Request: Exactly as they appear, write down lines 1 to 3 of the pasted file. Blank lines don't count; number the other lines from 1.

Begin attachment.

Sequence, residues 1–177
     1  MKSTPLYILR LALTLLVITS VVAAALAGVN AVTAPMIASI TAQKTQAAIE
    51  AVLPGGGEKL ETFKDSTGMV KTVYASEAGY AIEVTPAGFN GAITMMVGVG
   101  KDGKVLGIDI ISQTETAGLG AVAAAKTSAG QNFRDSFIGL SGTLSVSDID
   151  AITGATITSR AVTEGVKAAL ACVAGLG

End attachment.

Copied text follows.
Sequence, residues 1–177
     1  MKSTPLYILR LALTLLVITS VVAAALAGVN AVTAPMIASI TAQKTQAAIE
    51  AVLPGGGEKL ETFKDSTGMV KTVYASEAGY AIEVTPAGFN GAITMMVGVG